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Reasons why people meditate, and why they stop or don’t even try

Updated: Feb 14



While the practice of meditation has been around for thousands of years, recent studies have shed light on the potential benefits of meditation in more practical terms. At Clearer Thinking, we want to understand the empirical evidence for the benefits of meditation, so we are planning a major study on the potential benefits of meditation. The study discussed below is the first stage of our investigation.


Before engaging in a meditation practice, one must make the decision to meditate. Hence, before studying the potential benefits of meditation, we first sought to understand why people do or do not decide to meditate.


We collected data through a simple survey, asking people:


  1. How much experience they had with meditation

  2. How interested in meditation they were

  3. To give free-form written responses about why they were or were not interested in learning to meditate


The respondents were 119 adults living in the U.S. recruited through positly.com, the study recruitment platform. There were no additional screening criteria. We grouped their answers into the categories that emerged from their written responses. 


Our participants' responses about how many times they had meditated in the past ranged from 0 to 2,000 times, but 75% of participants had not meditated more than 10 times. So, the majority of our participants were not experienced in meditation.


We also measured people’s level of interest in meditation on a scale where 4 meant "Very interested”, 3: "Quite interested”, 2: "Moderately interested", 1: "A little interested" and 0 meant "Not at all interested". The mean result was 2.69 (indicating an interest between "quite" and "moderately" interested), with a standard deviation of 1.27.



Finally, each study participant was given the opportunity to list multiple reasons for wanting or not wanting to meditate, and therefore their responses could count in more than one category of reasons to (or not to) meditate. The open-ended responses were then categorized (assigning one or more categories to each response) by one researcher trained in qualitative research.


Here is a summary of the reasons why people wanted to learn meditation (where each response could be counted in more than one category). Note that while "stress" and "anxiety" are sometimes used interchangeably in everyday 

English, we kept them separate for this analysis since they are different concepts, psychologically.




The reason most frequently given for being drawn to meditation (given by 21% of respondents) was the belief that it could help cope with stress. Stress is common and it can affect physical health, mental well-being, and overall quality of life. It seems that people perceive meditation as a tool to counteract the negative effects of stress, perhaps by allowing people to cultivate a sense of inner calm. Moreover, prior research has found that the practice fosters a deep relaxation response, lowering blood pressure, reducing muscle tension, and promoting overall physical and emotional well-being. Other potential benefits of meditation (such as developing focus or coping with anger) were mentioned less frequently than stress- or anxiety-related benefits.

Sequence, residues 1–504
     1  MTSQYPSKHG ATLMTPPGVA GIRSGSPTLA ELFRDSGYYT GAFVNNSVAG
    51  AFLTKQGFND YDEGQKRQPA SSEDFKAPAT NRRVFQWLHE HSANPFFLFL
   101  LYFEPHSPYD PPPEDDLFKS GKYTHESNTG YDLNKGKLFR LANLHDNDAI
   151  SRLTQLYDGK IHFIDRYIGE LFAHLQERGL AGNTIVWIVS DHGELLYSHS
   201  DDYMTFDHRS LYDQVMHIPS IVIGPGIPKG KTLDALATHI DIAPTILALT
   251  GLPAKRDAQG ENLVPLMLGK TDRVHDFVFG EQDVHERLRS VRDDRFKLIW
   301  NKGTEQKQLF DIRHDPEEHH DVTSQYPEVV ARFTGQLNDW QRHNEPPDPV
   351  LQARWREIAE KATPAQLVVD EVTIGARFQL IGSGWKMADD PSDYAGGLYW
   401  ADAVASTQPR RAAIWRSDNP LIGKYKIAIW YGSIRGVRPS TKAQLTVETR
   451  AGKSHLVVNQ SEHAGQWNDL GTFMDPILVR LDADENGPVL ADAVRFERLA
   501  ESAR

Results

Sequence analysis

Notably, nobody mentioned that they were motivated to meditate in order to achieve enlightenment or free themselves from all suffering (which are the purposes of meditation in some spiritual traditions). Perhaps surprisingly, people also didn’t mention help with depression as a reason to meditate. This suggests that people view meditation as being beneficial to anxiety but not depression. It is also worth noticing that nobody said they want to meditate because other people do it, although realistically social pressure or mimicry might play an important role in people taking up meditation in practice, since these forces influence many domains of life. 


Now we present the reasons why people said they didn’t want to learn meditation:




One of the most common reasons people reported for not being interested in meditation is their perception of not having enough time. It can feel overwhelming to add yet another activity to an already-packed schedule, and the thought of setting aside dedicated moments for stillness and introspection can seem like a luxury only a fortunate few can afford. In our future studies of meditation, we plan to have participants meditate only for a short period daily - hopefully, that will help address the perception of lacking enough time to meditate.


Many people pointed out that meditation is either hard or boring, which is an interesting challenge for meditation studies (such as the ones we plan to conduct) to address. We hope that the diversity of meditation techniques we plan to include in our studies could be a potential remedy for difficulties, lack of time, and boredom (since many of our study participants will be engaging in more than one meditation technique). 


In conclusion, most of our participants identified some benefits they believed meditation could confer, especially in terms of managing the physical and psychological symptoms of stress and anxiety. However, many participants indicated that they were too busy or didn't have enough time to meditate, and many of them felt that it was too hard or too boring. Some participants expressed that they were skeptical of its efficacy.


Understanding the reasons people want to meditate helps determine what the outcomes should be when evaluating the effectiveness of meditation. On the other hand, understanding the reasons why people are not interested in meditation can help in the creation of meditation programs that proactively address people's concerns so that people are more likely to engage in them.


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